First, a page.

Physical events aren’t currently possible in the midst of a global pandemic with a need to socially distance. However, this has caused a spike in virtual events, but these are simply just not the same as being in-person. I’m sure many wouldn’t expect to miss the long lines to use the restroom or packing into uncomfortable seats, but being home and attending virtual events presents unique challenges.
We’re simply too distracted at home and tempted to multi-task. Some may be more disciplined, but I know it’s hard to not get distracted or to be tempted to multi-task with now performing most responsibilities from home. And giving undivided attention when your cat starts meowing at you for food during a keynote isn’t exactly easy. This, along with the fact that we can now attend many more events with physical constraints no longer existing, we are beginning to overcommit ourselves and exhaust our attentiveness.
Clearly, the problems with virtual events aren’t just the fault of vendors, but there are some tips that Max Mortillaro with TECHunplugged provides to help. These include a preference for live content, splitting content into shorter segments, and engaging the audience appropriately through smaller Q&A group sessions and social media. Humanizing these events as much as possible helps reduce the disconnect between virtual events and their audiences. There isn’t any way to make virtual events perfect and there will continue to be challenges, yet Max Mortillaro presents some useful tips for both vendors and attendees.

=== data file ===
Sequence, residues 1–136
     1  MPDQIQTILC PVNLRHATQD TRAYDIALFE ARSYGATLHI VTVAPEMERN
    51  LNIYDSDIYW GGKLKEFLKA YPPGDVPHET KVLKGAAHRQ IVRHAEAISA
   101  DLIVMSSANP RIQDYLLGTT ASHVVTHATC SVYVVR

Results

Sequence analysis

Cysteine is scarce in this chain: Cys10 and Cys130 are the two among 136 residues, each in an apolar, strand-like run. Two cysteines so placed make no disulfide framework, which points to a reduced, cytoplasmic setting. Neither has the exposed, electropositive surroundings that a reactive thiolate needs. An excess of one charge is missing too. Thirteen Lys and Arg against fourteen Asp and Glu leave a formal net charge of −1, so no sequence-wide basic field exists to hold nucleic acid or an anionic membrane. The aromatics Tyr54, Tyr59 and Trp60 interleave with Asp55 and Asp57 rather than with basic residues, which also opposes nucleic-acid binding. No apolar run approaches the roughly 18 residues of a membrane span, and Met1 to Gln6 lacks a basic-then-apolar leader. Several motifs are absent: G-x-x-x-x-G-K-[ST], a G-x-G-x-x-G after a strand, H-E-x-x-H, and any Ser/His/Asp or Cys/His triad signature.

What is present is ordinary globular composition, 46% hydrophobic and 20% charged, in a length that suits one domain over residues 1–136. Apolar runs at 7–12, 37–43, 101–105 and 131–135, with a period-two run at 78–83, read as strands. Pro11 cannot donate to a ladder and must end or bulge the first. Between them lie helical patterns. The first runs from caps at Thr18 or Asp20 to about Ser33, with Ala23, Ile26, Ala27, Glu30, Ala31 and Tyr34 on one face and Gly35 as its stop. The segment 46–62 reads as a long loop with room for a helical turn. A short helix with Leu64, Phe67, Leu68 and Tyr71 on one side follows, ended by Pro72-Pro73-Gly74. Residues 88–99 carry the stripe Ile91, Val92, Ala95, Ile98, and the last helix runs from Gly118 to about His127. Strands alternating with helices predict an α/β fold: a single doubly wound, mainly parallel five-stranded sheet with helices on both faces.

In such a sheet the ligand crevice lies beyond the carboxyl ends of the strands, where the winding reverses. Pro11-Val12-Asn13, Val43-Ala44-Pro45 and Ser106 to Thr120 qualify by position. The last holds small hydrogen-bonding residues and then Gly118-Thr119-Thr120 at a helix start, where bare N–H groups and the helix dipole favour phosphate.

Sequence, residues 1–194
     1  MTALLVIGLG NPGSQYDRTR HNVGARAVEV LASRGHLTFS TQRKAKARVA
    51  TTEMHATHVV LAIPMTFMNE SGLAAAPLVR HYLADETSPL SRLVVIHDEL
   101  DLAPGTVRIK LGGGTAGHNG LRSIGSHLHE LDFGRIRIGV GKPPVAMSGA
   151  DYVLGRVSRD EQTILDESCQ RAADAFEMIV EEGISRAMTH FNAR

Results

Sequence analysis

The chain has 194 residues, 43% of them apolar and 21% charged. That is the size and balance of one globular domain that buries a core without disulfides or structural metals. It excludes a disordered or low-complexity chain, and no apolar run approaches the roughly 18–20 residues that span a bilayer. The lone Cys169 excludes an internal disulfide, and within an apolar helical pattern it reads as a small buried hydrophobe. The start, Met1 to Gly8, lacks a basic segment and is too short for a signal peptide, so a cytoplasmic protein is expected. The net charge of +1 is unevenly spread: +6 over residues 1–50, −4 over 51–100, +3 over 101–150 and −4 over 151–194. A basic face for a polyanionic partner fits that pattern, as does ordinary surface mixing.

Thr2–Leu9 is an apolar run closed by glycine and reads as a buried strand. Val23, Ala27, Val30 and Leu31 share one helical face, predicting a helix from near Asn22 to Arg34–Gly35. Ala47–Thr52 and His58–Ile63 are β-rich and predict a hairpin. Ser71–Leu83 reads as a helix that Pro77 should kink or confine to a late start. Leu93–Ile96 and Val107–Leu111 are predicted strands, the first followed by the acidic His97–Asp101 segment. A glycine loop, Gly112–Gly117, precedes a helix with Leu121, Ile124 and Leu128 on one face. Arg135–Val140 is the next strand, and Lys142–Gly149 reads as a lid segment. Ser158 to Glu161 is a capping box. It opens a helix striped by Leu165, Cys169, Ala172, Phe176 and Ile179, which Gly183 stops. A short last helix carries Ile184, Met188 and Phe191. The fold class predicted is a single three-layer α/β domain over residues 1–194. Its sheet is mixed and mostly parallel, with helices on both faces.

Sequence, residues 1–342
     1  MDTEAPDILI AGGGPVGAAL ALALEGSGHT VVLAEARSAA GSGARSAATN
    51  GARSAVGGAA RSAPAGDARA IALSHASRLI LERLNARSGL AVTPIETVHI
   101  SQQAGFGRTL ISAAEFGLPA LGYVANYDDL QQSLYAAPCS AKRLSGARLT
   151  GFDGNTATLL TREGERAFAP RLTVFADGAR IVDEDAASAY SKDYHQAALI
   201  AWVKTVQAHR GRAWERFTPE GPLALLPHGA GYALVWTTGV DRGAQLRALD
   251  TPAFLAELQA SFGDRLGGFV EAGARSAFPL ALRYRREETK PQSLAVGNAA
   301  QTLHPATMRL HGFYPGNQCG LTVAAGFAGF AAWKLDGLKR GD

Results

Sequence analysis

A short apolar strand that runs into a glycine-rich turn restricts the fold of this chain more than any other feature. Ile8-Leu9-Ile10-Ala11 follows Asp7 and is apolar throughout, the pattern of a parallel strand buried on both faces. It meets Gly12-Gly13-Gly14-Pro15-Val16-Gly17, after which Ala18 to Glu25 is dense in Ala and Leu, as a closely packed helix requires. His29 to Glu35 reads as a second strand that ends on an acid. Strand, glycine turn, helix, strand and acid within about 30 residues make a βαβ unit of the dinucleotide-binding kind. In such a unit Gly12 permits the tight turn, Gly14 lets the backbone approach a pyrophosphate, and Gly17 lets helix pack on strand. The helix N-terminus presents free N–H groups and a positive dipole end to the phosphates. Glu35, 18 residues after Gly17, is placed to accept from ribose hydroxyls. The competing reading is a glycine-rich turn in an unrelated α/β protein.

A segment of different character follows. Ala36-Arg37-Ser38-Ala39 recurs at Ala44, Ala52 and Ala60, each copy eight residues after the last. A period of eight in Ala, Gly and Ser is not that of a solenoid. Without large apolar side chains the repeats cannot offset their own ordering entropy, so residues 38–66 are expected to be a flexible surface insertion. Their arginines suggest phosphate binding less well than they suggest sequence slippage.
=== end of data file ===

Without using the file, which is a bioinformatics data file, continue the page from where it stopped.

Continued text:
Max Mortillaro comments:
2020 had started under promising auspices, and yet by end of February it was clear that this wouldn’t be a “business as usual” kind of year. Due to health safety requirements, potential risks and expectations of low turnout, events ended up being cancelled one after the other.
Ultimately, most of the vendors decided to replace physical conferences with virtual events this year as a way to keep their audience (customers and partners) engaged.
Read more at TECHunplugged: Virtual Events Are One Big Mess, And Vendors Aren’t The Only Ones To Blame